Original airdate: April 15, 2018
The premise: Moe encounters his estranged father, and after making amends, he inherits one of his stores from the family mattress business. However, this leads to an all out war between Moe and his brother and sisters’ stores.
The reaction: This is one of those episodes that goes right through you; I watched it, it ended, and it had virtually no effect on me whatsoever. We find out about Moe’s family and their mattress empire, but when li’l Moe chickened out of sabotaging their business rival, his dad excommunicated him. For whatever reason, Marge is incredibly invested in mending this relationship, forcing the family together for dinner, then later urging Moe to get his father involving to make peace between the warring siblings. This all builds to her eventually feeling comfortable enough to give Moe a friendly hug after he refuses his father’s evil orders to taint his siblings’ mattresses. So, poor sad Moe, him getting a new lease on life, Marge inexplicably tolerating Moe… we’ve seen this episode template many times before and I don’t feel like complaining about any of that stuff again. Moe’s father and sister are voiced by Ray Liotta and Debi Mazar, both from Goodfellas, and they dress and act very Italian… but isn’t Syslak Russian? There’s the joke in “Flaming Moe’s” where Moe bullshits about the recipe coming down from his czar ancestors, but it certainly sounds more Russian than Italian. This is also a Matt Selman produced episode, which I guess explains the seriousness of the ending of Moe looking down at his father and siblings and seeing them younger in a happier time. There’s a subsection of diehard fans who still watch this garbage (I guess I would fall into that category now… how shameful) who applaud the Selman shows specifically, and while for the most part they do have slightly better story structure and a clear intent on exploring characters and having an emotional climax, they always fall utterly short because the writing is as poor as ever. I could care less about Moe’s character turn, but it’s our triumphant happy ending and Marge couldn’t be prouder of the little gargoyle. “Moe, you’re a good man!” she croaks. I’m all for marching characterization forward, but I still can’t get behind these two. You can make Moe as cloying and emotionally damaged as you want, but it doesn’t change the fact that he and his establishment have kept Homer away from his wife and children for many, many years. Hell, a few minutes into this episode, we see Homer kiss Marge as she walks in the door right before he bolts out to waste his night away from her at the bar. Marge harboring a quiet resentment toward Moe makes a hell of a lot more sense than her trying to be his life coach as we’ve seen in multiple episodes. But I’ve already made this point before, several times. I can’t help being repetitive when this show is rehashing the same stuff over and over. It’s like it’s their job. Their job. Being repetitive is their job.
Three items of note:
– The opening features Bart being forced to sign up for school band, and after finding out Homer is ultimately financially responsible for his loaned violin, he begins torturing his father, using and abusing the instrument over what looks like a whole week. It made me think, were there any instances in the classic years of Bart fucking with Homer over a long period of time? Usually they were just one-off pranks or jabs, always coming off as precocious childish behavior. Even something as extreme as him busting a chair over Homer’s head in the tub is motivated, where he was trying to test his father’s might against Milhouse’s moms’ new American Gladiators beau. But here, Bart tortures his father for multiple days for no real reason other than to just be a dick, and it comes off as kind of unpleasant. Even in last week’s episode, Bart messed with Homer’s head in order to get to the not-Minecraft convention, there was a reason to it. Here, Bart’s only mission is to make his dad suffer. Funny? Also, at his breaking point, Homer imagines the violin taunting him by rubbing its fingers together (“You see this? I’m playing the world’s smallest violin!”) Wouldn’t the line be better if he said “the world’s smallest me”? Come on, it was right there.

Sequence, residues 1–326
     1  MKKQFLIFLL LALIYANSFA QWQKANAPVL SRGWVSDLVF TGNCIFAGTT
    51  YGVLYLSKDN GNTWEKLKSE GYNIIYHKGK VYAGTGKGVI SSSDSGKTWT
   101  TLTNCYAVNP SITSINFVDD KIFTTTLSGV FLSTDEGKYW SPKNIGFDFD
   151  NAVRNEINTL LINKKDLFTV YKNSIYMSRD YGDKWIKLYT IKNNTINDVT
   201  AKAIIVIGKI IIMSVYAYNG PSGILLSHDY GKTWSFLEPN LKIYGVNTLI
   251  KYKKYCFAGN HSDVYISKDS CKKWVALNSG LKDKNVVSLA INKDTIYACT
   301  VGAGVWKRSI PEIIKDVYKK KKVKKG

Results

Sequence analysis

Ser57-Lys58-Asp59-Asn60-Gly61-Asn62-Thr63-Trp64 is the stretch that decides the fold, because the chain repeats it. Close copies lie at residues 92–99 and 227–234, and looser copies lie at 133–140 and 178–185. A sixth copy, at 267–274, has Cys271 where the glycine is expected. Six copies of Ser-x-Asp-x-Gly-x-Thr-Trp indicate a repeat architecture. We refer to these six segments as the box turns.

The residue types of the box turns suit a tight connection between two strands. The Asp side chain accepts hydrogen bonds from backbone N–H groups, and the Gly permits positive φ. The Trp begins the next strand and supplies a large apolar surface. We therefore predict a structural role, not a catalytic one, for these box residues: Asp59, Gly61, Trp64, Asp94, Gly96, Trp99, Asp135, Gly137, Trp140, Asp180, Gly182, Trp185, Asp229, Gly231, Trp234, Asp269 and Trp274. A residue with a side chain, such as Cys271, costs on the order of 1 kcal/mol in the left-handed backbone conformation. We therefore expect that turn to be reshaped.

– I’m still not sure what to make of Moe’s family. Moe refers to himself as the “white sheep” of the family, and the gag is that being in the mattress selling business is super evil (“They’re like mortgage brokers without the moral code.”) But the Syslaks don’t seem any more hateful and vindictive than Moe is. And the sister is introduced eating Chinese food with scissors, which I guess is a joke. I guess with this episode featuring Neutered Moe, his family being rude and cruel makes them comparatively bad looking, but I still remember the days of Moe threatening to shoot people and being generally violent and unpleasant, and I just don’t see much of a difference in character.
– Three separate times throughout this episode, characters use the term “reach around,” as in to make an effort to make amends (“It’s not too late to reach around and fix things with your father!”) But… they’ve heard what a reach around is, right? Surely I’m not the only one whose pure, innocent mind has been poisoned by sex terms they learned from the Internet. Was there no one in the writer’s room under 35 to point this out and suggest a quick re-write?
One good line/moment: Nuthin’.